Edith Freni | Ingram New Works Playwright
As we gear up for our annual Ingram New Works Festival (happening May 4-14, don’t miss it!), we want to introduce you to our three 2015-16 Lab Playwrights: Jonathan Alexandratos, Helen Banner, Edith Freni, and Kyle John Schmidt. Since October, our lab playwrights have gathered here in Nashville each month with our Resident Playwright Nate Eppler to create, critique, read and write… and rewrite. Mainly to rewrite. And now the final product is almost here! Their months of hard work will be realized with our incredible Nashville actors giving staged readings of their new plays for you, our wonderful audience. So before you come to the Festival, we want you to get to know our 2015-16 Lab Playwrights. Please meet Edith Freni.
What is your favorite thing about Nashville so far?
Nashville is an excellent place to drink. On the opposite side of the lifestyle spectrum, I also really enjoy the pedestrian bridge and running path from Two Rivers Park over into Shelby Bottoms. I've enjoyed many a Sunday morning run over there. It's one of my favorite places in the city now.
How is this different than your usual process?
My usual process is to write a first draft very quickly and then do my rewrites in the room during a workshop or rehearsal process and/or abandon the play for several months, completing revisions only when there is looming deadline or some other oppressive external force demanding them of me. This process has been so totally different for me and in many ways, profound. It's asked me to confront some very old, very deeply held beliefs about my abilities as a writer. I've realized during this residency that one of the reasons I've always forced myself to finish drafts quickly is because I'm scared of what will happen if I don't. I'm scared that I won't finish anything. That I'll hit a problem I won't be able to solve. There were several moments over the last nine months when I thought, "OK, this is it. The worst has finally happened. I am the hack I've always believed myself to be and this is the play that's going to prove it." Having to sit with those feelings was enormously uncomfortable. And each time I solved a problem, I was reminded that I can actually write plays and also reminded that the slow approach is extremely valuable. That there's nothing wrong with taking time and that the work can actually be better when you take the "low and slow" approach.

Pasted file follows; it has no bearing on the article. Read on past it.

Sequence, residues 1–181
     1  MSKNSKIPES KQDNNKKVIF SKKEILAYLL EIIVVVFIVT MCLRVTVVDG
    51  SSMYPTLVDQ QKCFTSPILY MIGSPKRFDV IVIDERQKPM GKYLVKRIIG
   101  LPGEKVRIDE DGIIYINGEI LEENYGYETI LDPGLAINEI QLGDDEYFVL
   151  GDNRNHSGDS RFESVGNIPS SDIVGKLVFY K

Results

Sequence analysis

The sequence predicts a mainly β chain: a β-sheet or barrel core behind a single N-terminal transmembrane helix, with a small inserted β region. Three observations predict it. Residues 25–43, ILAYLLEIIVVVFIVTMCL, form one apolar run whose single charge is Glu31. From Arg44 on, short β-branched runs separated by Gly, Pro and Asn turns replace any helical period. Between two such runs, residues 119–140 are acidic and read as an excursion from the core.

What would you be doing if you weren’t a playwright?
Most realistically, working professionally in the culinary world. Less realistically, dedicating myself to competitive amateur athletics in some capacity or another.
Describe one thing that is present in all of your plays.
Violence. Sometimes physical, always emotional. Often it is self-directed. I know you only asked for one thing but also: food.
Describe one thing you are very excited about in your Lab play.
I am very excited about the ending.
Describe one thing you are very excited about in someone else’s Lab play.
One thing?!? Not fair! I am super excited about Helen's train. But I am similarly excited about eating spanakopita during Jonathan's play and also, the continued evolution or Lorrie Bernum (an actor in Kyle John Schmidt's new play).
Edith Freni holds both her BFA and MFA from NYU’s Department of Dramatic Writing. Her work has been produced, read and developed by theaters around the country. Edith is a two-time nominee for the prestigious PONY award, has been a finalist for the Jerome Fellowship and the Heideman award, and was a semi-finalist for the 2015 P73 Playwriting Fellowship. Her work has been nominated for L. Arnold Weissberger Award, the Humanitas Prize and the Francesca Primus Award. She was a Kilroy’s List Honorable mention in 2014 (Total Power Exchange) and 2015 (The Stroke). Edith was a long-time member of Youngblood and is also a member of Obie-winning Partial Comfort Productions. Her work is published by Playscripts, DPS, Smith & Krauss and Applause. She currently lives in Atlanta, Georgia where she is the inaugural Emory University Playwriting Fellow.
Her Play - This is About You | May 10 & 13, 2016
YOU works with dolphins at a run-down facility in Key Largo, Florida. She's just moved into her best friend's apartment. He thinks of her as a roommate, but she wants more. And she's willing to do just about anything to get it. This electric new play explores the depths of denial and what happens when you finally realize that the thing you so desperately want is not the thing that you need.
Ready to see This is About You and the rest of the new plays in our Ingram New Works Festival? Get all the details, and your tickets, here.